As we wrote last week, The Cybersecurity Act of 2015 – better known to some as the Cybersecurity Information Sharing Act of 2015 – was signed into law in December 2015. Privacy advocates had decried CISA in its original form as weakening privacy protections in regard to Internet traffic. When Congress slipped a revised version of CISA into a gigantic omnibus spending bill for the President’s up or down approval, some claimed the revised bill “stripped out even more of its remaining privacy protections.”

At the most general level, CISA is intended to make it unequivocally legal for Federal and non-Federal entities to monitor information systems and to share information with each other about potential cybersecurity threats. Forming an opinion as to whether the law – which is short on specifics – actually accomplishes this goal requires a pretty detailed understanding of the pre-CISA legal landscape, and the restrictions that existed (or arguably still exist) on monitoring traffic across information systems connected to the Internet.

But whether CISA succeeds in broadening the scope of lawful monitoring or not, it contains only two vague provisions that address the measures entities that gather data from Internet monitoring must take to secure the information once it has been collected. The first provision provides that non-Federal entities are expected to “implement and utilize a security control to protect against unauthorized access to or acquisition of” information about cybersecurity risks and defenses. Apparently, this provision means that, once information about cybersecurity risks is gathered by an entity monitoring for such risks, that information must be protected from unauthorized access, presumably so that the “bad guys” won’t know that they have been had.

The second provision concerns the treatment of private information that may be included in data that is gathered for the purpose of monitoring for cyber risks and which may be shared with other entities in an effort to decrease overall cybersecurity risk. Entities collecting and sharing such information are expected to:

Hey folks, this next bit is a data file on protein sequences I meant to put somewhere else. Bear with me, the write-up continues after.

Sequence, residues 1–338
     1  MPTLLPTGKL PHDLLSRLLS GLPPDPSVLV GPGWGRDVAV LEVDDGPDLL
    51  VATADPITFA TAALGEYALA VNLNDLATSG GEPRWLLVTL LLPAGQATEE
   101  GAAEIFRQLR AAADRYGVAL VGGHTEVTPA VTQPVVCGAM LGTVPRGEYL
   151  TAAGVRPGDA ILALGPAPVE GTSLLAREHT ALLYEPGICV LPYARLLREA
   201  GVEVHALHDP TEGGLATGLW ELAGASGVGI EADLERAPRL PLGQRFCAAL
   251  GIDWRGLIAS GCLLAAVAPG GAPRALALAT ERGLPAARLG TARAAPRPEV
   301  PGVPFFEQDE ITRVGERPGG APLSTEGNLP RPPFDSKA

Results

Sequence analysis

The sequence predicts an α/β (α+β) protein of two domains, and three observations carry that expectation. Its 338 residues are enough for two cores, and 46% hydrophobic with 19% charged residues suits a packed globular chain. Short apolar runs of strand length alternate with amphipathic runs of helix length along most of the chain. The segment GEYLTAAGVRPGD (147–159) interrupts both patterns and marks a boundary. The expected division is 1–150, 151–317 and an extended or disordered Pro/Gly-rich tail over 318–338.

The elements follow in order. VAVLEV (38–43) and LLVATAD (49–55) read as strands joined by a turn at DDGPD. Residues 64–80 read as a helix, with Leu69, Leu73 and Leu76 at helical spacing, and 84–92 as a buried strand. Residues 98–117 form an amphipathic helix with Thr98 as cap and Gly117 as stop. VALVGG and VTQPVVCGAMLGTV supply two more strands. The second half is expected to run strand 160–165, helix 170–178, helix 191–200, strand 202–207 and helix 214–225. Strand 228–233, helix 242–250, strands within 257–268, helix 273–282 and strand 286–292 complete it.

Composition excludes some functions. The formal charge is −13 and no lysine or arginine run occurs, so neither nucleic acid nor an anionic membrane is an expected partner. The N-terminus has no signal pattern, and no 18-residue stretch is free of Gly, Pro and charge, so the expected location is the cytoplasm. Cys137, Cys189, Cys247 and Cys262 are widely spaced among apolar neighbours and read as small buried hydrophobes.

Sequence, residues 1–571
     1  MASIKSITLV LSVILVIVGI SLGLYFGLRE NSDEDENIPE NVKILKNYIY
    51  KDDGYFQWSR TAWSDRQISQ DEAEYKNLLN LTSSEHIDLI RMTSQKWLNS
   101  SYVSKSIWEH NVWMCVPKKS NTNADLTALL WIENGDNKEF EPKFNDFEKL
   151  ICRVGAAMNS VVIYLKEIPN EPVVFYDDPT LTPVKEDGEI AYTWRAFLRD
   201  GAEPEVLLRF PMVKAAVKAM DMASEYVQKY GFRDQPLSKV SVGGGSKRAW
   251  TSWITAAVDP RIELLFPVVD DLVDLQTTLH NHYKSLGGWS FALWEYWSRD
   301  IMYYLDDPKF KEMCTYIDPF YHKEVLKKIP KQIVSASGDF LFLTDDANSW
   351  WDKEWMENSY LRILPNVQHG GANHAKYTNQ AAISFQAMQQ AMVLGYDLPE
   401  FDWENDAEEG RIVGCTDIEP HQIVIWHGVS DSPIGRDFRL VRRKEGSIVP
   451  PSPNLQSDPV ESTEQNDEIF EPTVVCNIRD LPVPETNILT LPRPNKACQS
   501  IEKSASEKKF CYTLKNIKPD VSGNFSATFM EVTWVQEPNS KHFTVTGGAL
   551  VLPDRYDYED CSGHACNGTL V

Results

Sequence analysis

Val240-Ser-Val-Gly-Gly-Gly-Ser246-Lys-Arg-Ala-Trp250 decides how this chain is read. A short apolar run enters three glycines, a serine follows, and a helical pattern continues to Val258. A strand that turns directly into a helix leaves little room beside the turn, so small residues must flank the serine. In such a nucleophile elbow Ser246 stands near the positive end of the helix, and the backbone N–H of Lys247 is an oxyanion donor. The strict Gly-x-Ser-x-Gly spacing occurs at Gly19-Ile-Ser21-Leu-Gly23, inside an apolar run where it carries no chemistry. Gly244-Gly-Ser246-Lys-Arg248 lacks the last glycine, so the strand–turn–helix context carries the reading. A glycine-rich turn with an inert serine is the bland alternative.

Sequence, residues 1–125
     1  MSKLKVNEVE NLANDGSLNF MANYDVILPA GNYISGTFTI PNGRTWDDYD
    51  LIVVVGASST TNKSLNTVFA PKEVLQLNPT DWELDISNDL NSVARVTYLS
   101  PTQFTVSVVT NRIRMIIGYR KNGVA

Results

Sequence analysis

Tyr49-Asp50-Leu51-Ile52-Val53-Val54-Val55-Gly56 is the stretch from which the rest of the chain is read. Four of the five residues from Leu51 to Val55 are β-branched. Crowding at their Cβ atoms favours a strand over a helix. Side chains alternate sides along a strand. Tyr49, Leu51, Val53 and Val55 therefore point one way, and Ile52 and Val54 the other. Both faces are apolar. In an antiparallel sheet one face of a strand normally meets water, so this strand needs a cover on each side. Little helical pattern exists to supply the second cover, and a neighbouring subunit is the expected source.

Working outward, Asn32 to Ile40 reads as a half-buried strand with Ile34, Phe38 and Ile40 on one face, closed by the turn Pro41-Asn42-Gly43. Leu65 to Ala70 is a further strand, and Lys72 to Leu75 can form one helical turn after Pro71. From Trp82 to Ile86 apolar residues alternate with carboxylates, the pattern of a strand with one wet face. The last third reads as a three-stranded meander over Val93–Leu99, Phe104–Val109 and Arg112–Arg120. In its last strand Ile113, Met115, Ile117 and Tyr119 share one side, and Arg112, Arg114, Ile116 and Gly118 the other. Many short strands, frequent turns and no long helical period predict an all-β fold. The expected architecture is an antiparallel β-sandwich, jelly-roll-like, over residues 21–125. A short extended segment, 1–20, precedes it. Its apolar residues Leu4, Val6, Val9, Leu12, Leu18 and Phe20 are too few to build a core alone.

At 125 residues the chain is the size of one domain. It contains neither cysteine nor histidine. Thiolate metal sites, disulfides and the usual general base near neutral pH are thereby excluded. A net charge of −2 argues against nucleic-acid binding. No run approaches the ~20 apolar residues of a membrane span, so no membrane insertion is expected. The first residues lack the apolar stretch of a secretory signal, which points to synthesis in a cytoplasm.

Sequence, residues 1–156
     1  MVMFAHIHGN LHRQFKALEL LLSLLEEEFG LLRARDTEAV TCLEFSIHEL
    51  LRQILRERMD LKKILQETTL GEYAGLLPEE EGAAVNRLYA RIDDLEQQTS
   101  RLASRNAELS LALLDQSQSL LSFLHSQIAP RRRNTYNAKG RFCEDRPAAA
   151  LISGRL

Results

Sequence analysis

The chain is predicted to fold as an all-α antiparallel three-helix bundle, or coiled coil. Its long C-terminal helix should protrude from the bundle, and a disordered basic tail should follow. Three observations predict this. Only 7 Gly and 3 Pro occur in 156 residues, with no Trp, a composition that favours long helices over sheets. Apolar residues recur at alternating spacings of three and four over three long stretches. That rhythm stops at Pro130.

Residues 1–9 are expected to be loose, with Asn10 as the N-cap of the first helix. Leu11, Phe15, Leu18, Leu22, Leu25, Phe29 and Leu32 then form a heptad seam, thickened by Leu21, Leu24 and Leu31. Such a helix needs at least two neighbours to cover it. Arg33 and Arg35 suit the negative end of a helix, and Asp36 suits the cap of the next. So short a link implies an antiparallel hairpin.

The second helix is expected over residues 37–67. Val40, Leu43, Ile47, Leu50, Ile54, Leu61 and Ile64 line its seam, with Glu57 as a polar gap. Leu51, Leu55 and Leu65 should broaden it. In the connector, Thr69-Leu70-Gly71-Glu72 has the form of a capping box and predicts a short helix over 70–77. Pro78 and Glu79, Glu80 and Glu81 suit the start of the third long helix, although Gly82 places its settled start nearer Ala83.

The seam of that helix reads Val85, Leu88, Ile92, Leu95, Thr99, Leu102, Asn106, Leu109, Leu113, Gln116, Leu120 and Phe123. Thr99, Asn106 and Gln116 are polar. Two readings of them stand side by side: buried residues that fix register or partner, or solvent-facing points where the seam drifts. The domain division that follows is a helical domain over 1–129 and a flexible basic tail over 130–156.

(A) review such cyber threat indicator to assess whether such cyber threat indicator contains any information not directly related to a cybersecurity threat that the non-Federal entity knows at the time of sharing to be personal information of a specific individual or information that identifies a specific individual and remove such information; or

(B) implement and utilize a technical capability configured to remove any information not directly related to a cybersecurity threat that the non-Federal entity knows at the time of sharing to be personal information of a specific individual or information that identifies a specific individual.

​Notably, this provision deals exclusively with information that is shared. It says nothing about how non-Federal entities are expected to treat private information that is intercepted while lawfully monitoring their own information systems. But either way, whether what CISA seems to require in this regard is even possible – implementing a technical fix that can more or less automatically segregate personally identifiable information from “threat indicator” information and only share the latter without sharing the former – is more or less unknown as of this writing. This seems to be an on-point example of just the kind of thing privacy advocates feared in their opposition of CISA to begin with.

In addition to arguably increasing the scope of lawful monitoring of information systems, with little guidance on how information collected in that effort can be used, CISA also includes provisions designed to limit the liability of participating entities. The law expressly states that “[n]o cause of action shall lie or be maintained in any court against any private entity, and such action shall promptly be dismissed, for the monitoring of an information system and information … that is conducted in accordance with this title.” A similar provision protects sharing and receiving certain information among Federal and non-Federal entities.

Notwithstanding, the law doesn’t entirely immunize entities from liability. It includes a provision that expressly preserves contractual rights and obligations:

Nothing in this title shall be construed—

(1) to amend, repeal, or supersede any current or future contractual agreement, terms of service agreement, or other contractual relationship between any non-Federal entities, or between any non-Federal entity and a Federal entity….

In other words, it appears that the newly lawful (at least arguably) conduct generally encouraged by CISA can still be prohibited contractually. It is unclear how the Cyber Security Act will influence business behavior. It is a new piece of legislation, with expansive implications, that attempts to regulate a technological force that is still emerging and evolving. But change is coming, and entities planning to expand their monitoring activities or interested in sharing information collected under the auspices of the Act should first carefully review their contractual obligations, and conduct due diligence on the contractual obligations of those with whom they are exchanging information, before jumping into the brave new world that CISA is aimed at creating. Those who maintain information systems should determine the extent to which their monitoring and sharing activities may be limited by contract. And just as important, businesses who hold information that may implicate the privacy interests of data subjects should determine what, if any, measures are in place to protect those interests. This sort of review should be conducted routinely, so that the contractual rights and obligations of each party may continue to be aligned with present cybersecurity efforts.